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# Tic-tac-toe

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[The Traditional Game | Variations | Generalized Tic-Tac-Toe | Other Stuff]

Tic-tac-toe (also spelled tictactoe, ticktacktoe, or tick-tack-toe, and also referred to as noughts and crosses or X's and O's) is one of the world's simplest games. It's also one of the most ubiquitous, with game boards found on toys, in graffiti, and even children's playground equipment (right). One could wonder how there could be any mathematical interest in it whatsoever. After all, everyone who is old enough knows that, with best play, neither player can force a win in standard tic-tac-toe (i.e. on a 3×3 grid). Still, investigating tic-tac-toe can be a useful introduction to combinatorial game theory. Furthermore, there are several variations that could be played, such as altering the board or the winning conditions, that could make the game interesting. For example, the first player has an easy win with three-in-a-row tic-tac-toe on a 4×4 (or larger) board.

Since everyone already knows that, with best play, Tic-Tac-Toe is a draw, I won't perform a detailed analysis of the best strategy for the game here. I will ask this question, though: If you are the second player, what first move should you make to help ensure a draw?

If the first player chooses the centre square to start, the second player, in order to not lose, must select one of the corner squares. If the first player plays first in the corner square, the second player must select the centre square. If the first player selects a side square, there are several possibilities. See the images on the left for more information.

If you're the first player, you might think that your probability of winning is better if you take the corner square, but that's not necessarily true unless your opponent is playing at random, because the only move that leads to a draw (take the centre square) is easier to find.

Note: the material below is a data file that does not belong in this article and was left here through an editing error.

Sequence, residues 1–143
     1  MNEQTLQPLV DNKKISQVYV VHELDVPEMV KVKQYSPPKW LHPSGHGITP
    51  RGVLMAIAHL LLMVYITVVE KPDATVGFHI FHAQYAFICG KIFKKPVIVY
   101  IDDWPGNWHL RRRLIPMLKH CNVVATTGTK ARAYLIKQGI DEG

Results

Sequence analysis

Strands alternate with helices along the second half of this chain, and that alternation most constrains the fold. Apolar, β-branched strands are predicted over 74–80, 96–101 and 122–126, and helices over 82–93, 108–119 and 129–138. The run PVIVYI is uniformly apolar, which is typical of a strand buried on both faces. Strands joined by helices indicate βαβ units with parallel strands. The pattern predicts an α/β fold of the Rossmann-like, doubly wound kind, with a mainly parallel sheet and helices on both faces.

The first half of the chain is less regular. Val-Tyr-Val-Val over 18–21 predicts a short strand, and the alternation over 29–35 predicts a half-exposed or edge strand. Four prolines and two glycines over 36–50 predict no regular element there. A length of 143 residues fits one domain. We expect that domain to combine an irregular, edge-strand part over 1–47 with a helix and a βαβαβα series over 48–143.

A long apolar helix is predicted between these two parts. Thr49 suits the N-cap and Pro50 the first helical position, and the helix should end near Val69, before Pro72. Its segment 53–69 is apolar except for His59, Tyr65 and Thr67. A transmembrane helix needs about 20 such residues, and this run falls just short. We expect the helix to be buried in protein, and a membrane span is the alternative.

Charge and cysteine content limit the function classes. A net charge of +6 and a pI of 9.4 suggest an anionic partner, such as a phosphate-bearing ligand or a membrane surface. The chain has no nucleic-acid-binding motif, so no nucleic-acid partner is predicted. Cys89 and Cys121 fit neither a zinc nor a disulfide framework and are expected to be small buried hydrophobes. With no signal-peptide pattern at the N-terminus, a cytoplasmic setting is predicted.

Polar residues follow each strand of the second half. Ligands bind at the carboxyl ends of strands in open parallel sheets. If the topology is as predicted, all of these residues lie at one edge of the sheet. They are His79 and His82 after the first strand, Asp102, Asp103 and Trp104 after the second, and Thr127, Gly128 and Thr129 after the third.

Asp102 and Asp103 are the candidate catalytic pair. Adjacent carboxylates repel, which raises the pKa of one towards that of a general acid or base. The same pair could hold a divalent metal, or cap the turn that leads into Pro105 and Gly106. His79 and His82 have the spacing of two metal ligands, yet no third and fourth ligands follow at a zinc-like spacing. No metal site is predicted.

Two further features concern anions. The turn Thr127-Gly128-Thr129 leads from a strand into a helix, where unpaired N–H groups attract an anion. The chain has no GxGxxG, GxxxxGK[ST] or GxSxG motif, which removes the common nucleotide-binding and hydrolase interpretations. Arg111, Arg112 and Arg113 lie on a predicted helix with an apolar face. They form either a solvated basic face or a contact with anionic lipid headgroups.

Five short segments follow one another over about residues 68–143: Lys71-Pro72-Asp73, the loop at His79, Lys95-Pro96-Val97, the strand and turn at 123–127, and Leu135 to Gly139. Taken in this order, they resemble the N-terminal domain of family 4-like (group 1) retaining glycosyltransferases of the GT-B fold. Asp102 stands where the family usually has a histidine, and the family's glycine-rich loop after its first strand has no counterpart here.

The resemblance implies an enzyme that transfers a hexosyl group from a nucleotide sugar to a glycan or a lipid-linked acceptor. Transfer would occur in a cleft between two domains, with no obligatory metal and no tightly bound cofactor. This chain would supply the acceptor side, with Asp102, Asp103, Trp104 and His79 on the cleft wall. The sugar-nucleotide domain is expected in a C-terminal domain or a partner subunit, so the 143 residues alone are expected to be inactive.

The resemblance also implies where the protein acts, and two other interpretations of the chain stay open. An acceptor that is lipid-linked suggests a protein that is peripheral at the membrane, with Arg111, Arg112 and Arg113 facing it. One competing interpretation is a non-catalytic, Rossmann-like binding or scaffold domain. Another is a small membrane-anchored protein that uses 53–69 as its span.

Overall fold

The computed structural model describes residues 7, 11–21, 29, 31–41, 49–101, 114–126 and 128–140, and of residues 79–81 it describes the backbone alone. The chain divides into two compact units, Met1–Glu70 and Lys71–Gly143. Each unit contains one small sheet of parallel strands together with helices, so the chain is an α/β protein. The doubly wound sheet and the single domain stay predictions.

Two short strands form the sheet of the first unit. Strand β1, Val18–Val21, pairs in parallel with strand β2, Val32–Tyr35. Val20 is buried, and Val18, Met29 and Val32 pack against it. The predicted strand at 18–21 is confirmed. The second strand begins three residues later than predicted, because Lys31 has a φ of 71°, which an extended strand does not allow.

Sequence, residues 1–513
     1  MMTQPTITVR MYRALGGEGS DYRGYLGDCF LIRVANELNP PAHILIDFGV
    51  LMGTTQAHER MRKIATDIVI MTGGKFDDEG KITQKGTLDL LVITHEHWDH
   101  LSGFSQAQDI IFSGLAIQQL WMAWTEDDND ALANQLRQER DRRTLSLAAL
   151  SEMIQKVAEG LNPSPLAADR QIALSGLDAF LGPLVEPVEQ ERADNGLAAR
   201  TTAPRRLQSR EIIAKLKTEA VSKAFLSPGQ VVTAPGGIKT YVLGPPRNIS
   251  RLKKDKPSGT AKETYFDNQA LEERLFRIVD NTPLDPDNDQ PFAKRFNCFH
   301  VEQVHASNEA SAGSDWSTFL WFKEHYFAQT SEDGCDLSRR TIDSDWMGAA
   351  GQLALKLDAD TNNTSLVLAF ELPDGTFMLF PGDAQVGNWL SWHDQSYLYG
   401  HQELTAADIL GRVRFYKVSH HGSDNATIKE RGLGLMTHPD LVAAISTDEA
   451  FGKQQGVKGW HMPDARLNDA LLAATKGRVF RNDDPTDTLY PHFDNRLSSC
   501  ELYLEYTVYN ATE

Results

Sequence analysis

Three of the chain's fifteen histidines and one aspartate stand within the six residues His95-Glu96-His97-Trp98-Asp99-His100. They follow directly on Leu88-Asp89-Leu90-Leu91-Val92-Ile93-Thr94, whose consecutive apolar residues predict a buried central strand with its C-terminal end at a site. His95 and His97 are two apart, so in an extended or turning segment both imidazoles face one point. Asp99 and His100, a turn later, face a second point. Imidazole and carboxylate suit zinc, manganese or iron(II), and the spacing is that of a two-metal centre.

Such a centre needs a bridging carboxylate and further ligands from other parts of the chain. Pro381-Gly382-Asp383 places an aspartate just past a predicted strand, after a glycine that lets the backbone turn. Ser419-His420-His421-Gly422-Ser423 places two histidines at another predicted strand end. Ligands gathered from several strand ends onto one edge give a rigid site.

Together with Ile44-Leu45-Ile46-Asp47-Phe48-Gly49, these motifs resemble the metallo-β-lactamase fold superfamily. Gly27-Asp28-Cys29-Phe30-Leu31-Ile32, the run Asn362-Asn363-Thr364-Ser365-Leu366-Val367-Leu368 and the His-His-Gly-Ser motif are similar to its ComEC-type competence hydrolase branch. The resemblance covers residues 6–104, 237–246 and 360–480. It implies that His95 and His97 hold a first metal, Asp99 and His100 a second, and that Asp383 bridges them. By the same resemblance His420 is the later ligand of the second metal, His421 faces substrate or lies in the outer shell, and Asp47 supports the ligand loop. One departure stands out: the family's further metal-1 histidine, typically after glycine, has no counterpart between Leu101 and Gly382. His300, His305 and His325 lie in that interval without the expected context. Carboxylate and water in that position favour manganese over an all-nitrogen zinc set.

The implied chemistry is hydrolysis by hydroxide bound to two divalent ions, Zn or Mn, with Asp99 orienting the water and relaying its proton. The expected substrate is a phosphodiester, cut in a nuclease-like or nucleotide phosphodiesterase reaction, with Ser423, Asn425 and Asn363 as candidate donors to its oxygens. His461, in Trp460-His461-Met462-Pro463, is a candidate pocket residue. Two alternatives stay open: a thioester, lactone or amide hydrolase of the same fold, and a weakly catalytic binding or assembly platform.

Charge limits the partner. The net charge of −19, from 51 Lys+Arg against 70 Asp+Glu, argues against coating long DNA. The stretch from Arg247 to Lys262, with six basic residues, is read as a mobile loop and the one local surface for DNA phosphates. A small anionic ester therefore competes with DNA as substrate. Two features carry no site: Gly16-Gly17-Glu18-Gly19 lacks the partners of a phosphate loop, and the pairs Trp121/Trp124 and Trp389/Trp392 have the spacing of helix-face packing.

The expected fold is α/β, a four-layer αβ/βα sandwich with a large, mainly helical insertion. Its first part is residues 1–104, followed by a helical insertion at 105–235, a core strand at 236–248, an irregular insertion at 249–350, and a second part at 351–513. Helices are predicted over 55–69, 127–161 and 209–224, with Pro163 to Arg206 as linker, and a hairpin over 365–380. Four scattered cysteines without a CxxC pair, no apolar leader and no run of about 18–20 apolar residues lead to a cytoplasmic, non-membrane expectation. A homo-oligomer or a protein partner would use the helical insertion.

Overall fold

## Variations

Here are some interesting variations of tic-tac-toe that you may want to try out. Think about whether one player or another has a winning strategy, a plan they can follow that guarantees that they will win every time:

Each player may put down either an X or an O on each of their turns, and may change their mind from turn to turn. The winner is the one who finishes any row, column, or diagonal of all X's or all O's.
Magic Square Tic-Tac-Toe
Instead of X's and O's, the numbers 1 through 9 are used. Each number may be used only once. The winner is the one to get the numbers in any row, column, or diagonal to add up to 15. Question: Can you determine a winning strategy for this variant?
Last One Wins
On a player's turn, that player marks as many non-empty spaces as they like, as long as they are in the same row or column (not diagonal). Whoever fills in the last space wins.
Avoidance Tic-Tac-Toe (also known as Misère Tic-Tac-Toe or Toe-Tac-Tic)
Same order of play as the standard game, except that a player who completes three in a row loses.
Drawbridge
Same order of play as the standard game, only one player wins if the game is a draw, while the other wins if either completes three in a row.
Movable Markers
Players have three counters each and take turns placing them on the grid. If neither has won after all six counters are down, players may move one of their counters somewhere else as their move.
Hot
Each of the words HOT, HEAR, TIED, FORM, WASP, BRIM, TANK, SHIP, and WOES is printed on a card. Players take turns withdrawing cards from the pile. The first to hold three cards containing the same letter wins. An alternate version of this game uses the cards FISH, SOUP, HORN, KNIT, VOTE, ARMY, CHAT, SWAN, and GIRL. Question: Why is this listed under tic-tac-toe variants? Think about it.
The Numbers Game (or Fifteen)
Players take turns selecting a number between 1 and 9. Each number may be selected only once. The first person to accumulate three numbers whose sum is 15 is the winner. Question: Why is this listed under tic-tac-toe variants? The magic squares page may provide a hint.